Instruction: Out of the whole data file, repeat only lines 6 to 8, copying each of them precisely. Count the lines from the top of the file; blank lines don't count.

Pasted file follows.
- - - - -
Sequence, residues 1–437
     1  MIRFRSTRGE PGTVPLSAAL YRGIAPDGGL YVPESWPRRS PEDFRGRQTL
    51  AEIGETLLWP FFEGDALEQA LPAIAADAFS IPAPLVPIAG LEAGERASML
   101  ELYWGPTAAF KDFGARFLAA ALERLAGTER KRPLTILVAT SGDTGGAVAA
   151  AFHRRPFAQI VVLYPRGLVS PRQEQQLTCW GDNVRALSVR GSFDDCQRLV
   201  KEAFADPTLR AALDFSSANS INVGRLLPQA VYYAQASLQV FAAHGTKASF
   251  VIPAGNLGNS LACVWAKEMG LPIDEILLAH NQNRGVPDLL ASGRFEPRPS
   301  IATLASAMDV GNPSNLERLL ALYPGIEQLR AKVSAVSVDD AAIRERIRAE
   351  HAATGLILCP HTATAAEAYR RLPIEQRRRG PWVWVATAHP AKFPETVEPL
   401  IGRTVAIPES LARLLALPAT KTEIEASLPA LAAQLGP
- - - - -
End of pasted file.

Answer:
   201  KEAFADPTLR AALDFSSANS INVGRLLPQA VYYAQASLQV FAAHGTKASF
   251  VIPAGNLGNS LACVWAKEMG LPIDEILLAH NQNRGVPDLL ASGRFEPRPS
   301  IATLASAMDV GNPSNLERLL ALYPGIEQLR AKVSAVSVDD AAIRERIRAE